Installing the Front façade windows from Scandia Windows with the help of Tortoft&Mortensen was another interesting day. A 7am rendezvous on site on a rainy day, because Denmark, and a face changing view of our house – not in the middle of the street ^^ – We didn’t do much per say, but it was almost emotional, and something to get used to. No more entering the house randomly in between any of the columns. The next day was actually a little sunny and then my friends, the reflection on it – ineffable, but you don’ t have to take my word for it, come and visit and you’ll see if you care as much as I do, how it takes your breath away.

Preparing for the installation of the skylights. Now that, that was really the unhealthiest thing done by Yovko and me. We place 4 new beams, 2 of which weight at least 80kg that were inside the house and carried up to the roof top. Well I was like 10% of the muscle and kept telling Yovko this was never going to work, but hey, I should have trusted him more! :)

Getting the 6th skylight. Oh yeah, this is a really good one. 2 days before we were supposed to install the skylights, Yovko goes into school’s storage and comes back livid asking me if I saw the 6th skylight! The probability that someone had stolen a 80kg skylight, versus it flying away during one of the storm versus we forgetting to actually pick it up from Velux’s, let’s just say, it was a no brainer. And so on a panic, we contact Velux, who had the 6th skylight still in storage, went to Stark to borrow a trailer and drove off into the sun with Yovko. Now of course Velux had a little mechanic truck that simply lifted up the skylight and placed it into our trailer, but once on site it was only Yovko and myself. We are both on one side of the frame, and I’m there thinking that we are going to place the first end on top of the rest of the neatly stacked skylights and then do the opposite end. But no, Yovko leaves me there holding on to dear life, praying my arms wouldn’t just fall out while he carries the second end to promise land. Bruises for a week after that on my knees, which saved the day and hated me for it.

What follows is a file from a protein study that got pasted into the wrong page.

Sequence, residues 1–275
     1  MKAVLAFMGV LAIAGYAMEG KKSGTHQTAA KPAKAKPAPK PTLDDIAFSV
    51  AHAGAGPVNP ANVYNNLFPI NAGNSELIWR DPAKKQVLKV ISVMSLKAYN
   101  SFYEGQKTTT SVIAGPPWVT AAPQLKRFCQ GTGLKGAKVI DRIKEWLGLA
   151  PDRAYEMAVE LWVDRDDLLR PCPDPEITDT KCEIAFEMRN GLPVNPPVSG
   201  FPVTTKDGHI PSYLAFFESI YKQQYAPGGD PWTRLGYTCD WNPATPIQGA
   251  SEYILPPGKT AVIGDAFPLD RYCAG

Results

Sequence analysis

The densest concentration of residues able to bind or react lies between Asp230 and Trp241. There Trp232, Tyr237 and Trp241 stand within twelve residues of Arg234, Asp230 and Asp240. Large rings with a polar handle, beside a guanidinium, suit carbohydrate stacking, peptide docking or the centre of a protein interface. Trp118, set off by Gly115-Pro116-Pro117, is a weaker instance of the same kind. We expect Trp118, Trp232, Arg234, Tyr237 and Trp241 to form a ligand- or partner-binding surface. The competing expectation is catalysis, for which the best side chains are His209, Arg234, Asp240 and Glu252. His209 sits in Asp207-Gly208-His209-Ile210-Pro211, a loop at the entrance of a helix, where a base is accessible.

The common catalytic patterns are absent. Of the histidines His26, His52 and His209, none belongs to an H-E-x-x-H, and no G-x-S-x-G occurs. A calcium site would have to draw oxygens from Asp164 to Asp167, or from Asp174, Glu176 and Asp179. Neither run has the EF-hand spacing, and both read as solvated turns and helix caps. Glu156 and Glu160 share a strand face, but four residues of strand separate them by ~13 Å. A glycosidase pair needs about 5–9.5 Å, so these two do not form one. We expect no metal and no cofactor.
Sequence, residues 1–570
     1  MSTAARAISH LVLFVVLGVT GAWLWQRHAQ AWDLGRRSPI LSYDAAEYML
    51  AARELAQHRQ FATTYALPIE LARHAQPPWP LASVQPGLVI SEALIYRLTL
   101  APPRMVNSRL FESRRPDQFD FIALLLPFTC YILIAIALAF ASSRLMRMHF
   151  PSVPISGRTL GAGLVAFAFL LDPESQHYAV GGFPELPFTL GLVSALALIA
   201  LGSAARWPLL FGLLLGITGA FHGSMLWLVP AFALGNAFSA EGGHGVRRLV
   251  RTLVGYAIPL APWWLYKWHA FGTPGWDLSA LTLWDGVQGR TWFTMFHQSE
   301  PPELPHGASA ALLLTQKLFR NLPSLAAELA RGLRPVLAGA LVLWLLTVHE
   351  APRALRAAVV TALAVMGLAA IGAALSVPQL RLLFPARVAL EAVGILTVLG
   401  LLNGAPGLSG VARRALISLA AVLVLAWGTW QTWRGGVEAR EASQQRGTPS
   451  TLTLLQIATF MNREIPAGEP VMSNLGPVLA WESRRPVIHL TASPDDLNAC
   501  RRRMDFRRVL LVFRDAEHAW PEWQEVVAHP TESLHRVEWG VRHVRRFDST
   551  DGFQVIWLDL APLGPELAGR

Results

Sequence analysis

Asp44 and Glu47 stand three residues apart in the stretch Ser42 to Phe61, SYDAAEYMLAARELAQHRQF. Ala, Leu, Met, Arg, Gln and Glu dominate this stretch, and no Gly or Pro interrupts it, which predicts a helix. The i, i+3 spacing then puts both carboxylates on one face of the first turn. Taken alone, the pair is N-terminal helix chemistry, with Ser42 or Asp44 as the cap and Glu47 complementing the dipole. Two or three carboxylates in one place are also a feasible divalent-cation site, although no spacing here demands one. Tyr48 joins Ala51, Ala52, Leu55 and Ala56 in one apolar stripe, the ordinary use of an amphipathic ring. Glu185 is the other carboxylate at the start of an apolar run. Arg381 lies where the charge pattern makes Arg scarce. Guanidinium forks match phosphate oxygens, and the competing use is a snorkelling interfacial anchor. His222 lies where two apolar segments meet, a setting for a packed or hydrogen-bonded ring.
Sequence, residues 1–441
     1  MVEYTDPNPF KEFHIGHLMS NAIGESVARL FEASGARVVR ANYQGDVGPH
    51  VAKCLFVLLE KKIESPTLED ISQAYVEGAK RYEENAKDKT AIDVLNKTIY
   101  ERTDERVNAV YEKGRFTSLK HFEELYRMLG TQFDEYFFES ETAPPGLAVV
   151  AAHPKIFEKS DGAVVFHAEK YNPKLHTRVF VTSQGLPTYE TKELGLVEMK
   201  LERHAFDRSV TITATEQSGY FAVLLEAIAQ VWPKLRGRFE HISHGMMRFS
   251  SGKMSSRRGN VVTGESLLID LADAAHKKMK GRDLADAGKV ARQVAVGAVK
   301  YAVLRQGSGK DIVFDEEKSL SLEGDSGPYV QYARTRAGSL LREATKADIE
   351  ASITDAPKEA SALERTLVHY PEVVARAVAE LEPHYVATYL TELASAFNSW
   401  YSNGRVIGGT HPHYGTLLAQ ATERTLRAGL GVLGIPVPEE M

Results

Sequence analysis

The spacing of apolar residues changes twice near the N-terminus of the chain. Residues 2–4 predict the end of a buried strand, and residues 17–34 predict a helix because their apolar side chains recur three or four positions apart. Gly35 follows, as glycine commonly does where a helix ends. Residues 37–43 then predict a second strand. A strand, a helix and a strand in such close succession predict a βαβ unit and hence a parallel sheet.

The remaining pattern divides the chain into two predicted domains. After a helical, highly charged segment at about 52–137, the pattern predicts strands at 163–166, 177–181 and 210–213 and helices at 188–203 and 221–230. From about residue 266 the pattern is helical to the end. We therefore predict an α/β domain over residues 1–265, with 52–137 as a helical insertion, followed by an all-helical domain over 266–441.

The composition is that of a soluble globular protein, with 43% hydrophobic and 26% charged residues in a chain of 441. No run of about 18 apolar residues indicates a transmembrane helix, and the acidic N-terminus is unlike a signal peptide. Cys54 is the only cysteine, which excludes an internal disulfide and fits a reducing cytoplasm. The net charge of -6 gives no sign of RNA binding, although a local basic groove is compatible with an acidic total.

Installing the skylights was a stressful day.  7am. Tortoft&Mortensen came back to help, but unfortunetly the MANITOU doesn’t go on a 0° level, so they used the vessel to transport the skylight up to the roof, where Yovko was waiting with a beam in the middle and the guys would push the skylights on the beam to reach the other side. I was personally happy for selfish reasons to see that the two of them could lift the skylight but still with difficulty onto the vessel. 9:30 and the job was done while singing One Republic – Counting Stars ☺

Implementing the Byggros green roof in 4 steps: placing a black wobbling plastic plate that retains the water for the plants; geotextiling the hell out of it ☺; dumping all the “aggregates” were the plants are going to take their nutriments from, which looks like dirty volcanic gravel and that needed to be leveled out throughout the roof’s surface; laying the mats of plants that we received 2 days previous to it. And finish the day by lying down on it and imagining a swimming pool at the end of the field :)

 

Boy, I’m exhausted just by reading what we did in only 2 months. Amazing considering the little amount of people we had by our side. But I know you guys were also there in mind and I thank you for that. I know it’s been a long tale for today and I apologize for the dumping (to dumb: 1. To release or throw down in a large mass :)  ) this much information on you, but wasn’t it worth it? ^^

I’ll be back after winter, until then, take care.

Thanks for following,

Audrey :)